This said, it would be a travesty to lay all the blame for divisive politics at the door of the BJP. Whether it's nuclear tests, the unsealing of the locks of the Babri Masjid, the culture of creating fissures and pitting castes and communities against each other, or passing retrograde laws, the Congress got there first and has never been shy of keeping the ball in play. In the past, both parties have used massacres to gain political mileage. Sometimes they feast off them obliquely, sometimes they accuse each other of committing mass murder. In this election, both the Congress and the BJP brazenly fielded candidates believed to be involved in public lynching and mass murder. At no point has either seen to it that the guilty are punished or that justice is delivered. Despite their vicious public exchange of accusations, so far they have colluded to protect one another from real consequences.
Eventually the massacres get absorbed into the labyrinth of India's judicial system where they are left to bubble and ferment before being trundled out as campaign material for the next election. You could say it's all a part of the fabric of Indian democracy. Hard to see from a train window. Whether the new infusion of young blood into the Congress will change the old party's methods of doing business remains to be seen.
As will be obvious from the essays in this book, the hoary institutions of Indian democracy—the judiciary, the police, the 'free' press and, of course, elections—far from working as a system of checks and balances, quite often do the opposite.
They provide each other cover to promote the larger interests of Union and Progress. In the process, they generate such confusion, such a cacophony, that voices raised in warning just become part of the noise. And that only helps to enhance the image of the tolerant, lumbering, colourful, somewhat chaotic democracy. The chaos is real. But so is the consensus.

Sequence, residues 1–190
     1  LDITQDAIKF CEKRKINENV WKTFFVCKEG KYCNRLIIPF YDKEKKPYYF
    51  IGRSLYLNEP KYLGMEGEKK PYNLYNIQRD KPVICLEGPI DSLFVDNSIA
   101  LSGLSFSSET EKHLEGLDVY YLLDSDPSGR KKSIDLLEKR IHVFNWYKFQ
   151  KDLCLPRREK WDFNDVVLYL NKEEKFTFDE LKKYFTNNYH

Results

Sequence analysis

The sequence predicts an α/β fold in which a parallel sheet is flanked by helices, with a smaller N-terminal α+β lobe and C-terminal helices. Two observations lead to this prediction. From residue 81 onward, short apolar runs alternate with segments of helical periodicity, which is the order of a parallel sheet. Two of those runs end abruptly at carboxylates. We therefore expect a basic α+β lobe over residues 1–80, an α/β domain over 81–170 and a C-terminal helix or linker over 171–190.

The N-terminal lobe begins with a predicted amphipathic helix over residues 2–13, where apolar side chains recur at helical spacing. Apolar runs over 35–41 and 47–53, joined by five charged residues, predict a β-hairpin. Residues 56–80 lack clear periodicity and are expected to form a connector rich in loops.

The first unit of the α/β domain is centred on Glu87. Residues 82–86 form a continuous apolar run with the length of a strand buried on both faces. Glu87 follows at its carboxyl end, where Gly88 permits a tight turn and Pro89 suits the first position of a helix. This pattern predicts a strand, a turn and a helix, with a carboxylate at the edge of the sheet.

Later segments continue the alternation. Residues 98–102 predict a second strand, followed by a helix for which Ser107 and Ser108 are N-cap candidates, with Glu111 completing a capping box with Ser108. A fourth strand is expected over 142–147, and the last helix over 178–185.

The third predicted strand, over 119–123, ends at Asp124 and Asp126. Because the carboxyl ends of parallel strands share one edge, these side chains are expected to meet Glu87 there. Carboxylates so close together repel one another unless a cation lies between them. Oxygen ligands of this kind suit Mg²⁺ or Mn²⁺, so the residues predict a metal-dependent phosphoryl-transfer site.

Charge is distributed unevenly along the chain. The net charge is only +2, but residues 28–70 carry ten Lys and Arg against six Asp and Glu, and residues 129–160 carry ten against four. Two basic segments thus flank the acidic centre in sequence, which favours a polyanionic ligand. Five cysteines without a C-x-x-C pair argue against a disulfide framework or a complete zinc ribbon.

Speaking of consensus, there's the small and ever-present matter of Kashmir. When it comes to Kashmir the consensus in India is hardcore. It cuts across every section of the establishment—including the media, the bureaucracy, the intelligentsia and even Bollywood.
The war in the Kashmir Valley is almost 20 years old now, and has claimed about 70,000 lives. Tens of thousands have been tortured, several thousand have 'disappeared', women have been raped and many thousands widowed. Half a million Indian troops patrol the Kashmir Valley, making it the most militarised zone in the world. (The United States had about 1,65,000 active-duty troops in Iraq at the height of its occupation.) The Indian army now claims that it has, for the most part, crushed militancy in Kashmir. Perhaps that's true. But does military domination mean victory?
How does a government that claims to be a democracy justify a military occupation? By holding regular elections, of course. Elections in Kashmir have had a long and fascinating past. The blatantly rigged state election of 1987 was the immediate provocation for the armed uprising that began in 1990. Since then elections have become a finely honed instrument of the military occupation, a sinister playground for India's Deep State. Intelligence agencies have created political parties and decoy politicians, they have constructed and destroyed political careers at will. It is they more than anyone else who decide what the outcome of each election will be. After every election, the Indian establishment declares that India has won a popular mandate from the people of Kashmir.
In the summer of 2008, a dispute over land being allotted to the Amarnath Shrine Board coalesced into a massive, non-violent uprising. Day after day, hundreds of thousands of people defied soldiers and policemen—who fired straight into the crowds, killing scores of people—and thronged the streets. From early morning to late in the night, the city reverberated to chants of 'azadi! azadi!' ('freedom! freedom!'). Fruit-sellers weighed fruit chanting, 'azadi! azadi!' Shopkeepers, doctors, houseboat owners, guides, weavers, carpet-sellers—everybody was out with placards, everybody shouted 'azadi! azadi!' The protests went on for several days.
The protests were massive. They were democratic, and they were non-violent. For the first time in decades, fissures appeared in mainstream public opinion in India. The Indian state panicked. Unsure of how to deal with this mass civil disobedience, it ordered a crackdown. It enforced the harshest curfew in recent memory with shoot-at-sight orders. In effect, for days on end, it virtually caged millions of people. The major pro-freedom leaders were placed under house arrest, several others were jailed. House-to-house searches culminated in the arrest of hundreds of people. The Jama Masjid was closed for Friday prayers for an unprecedented seven weeks at a stretch.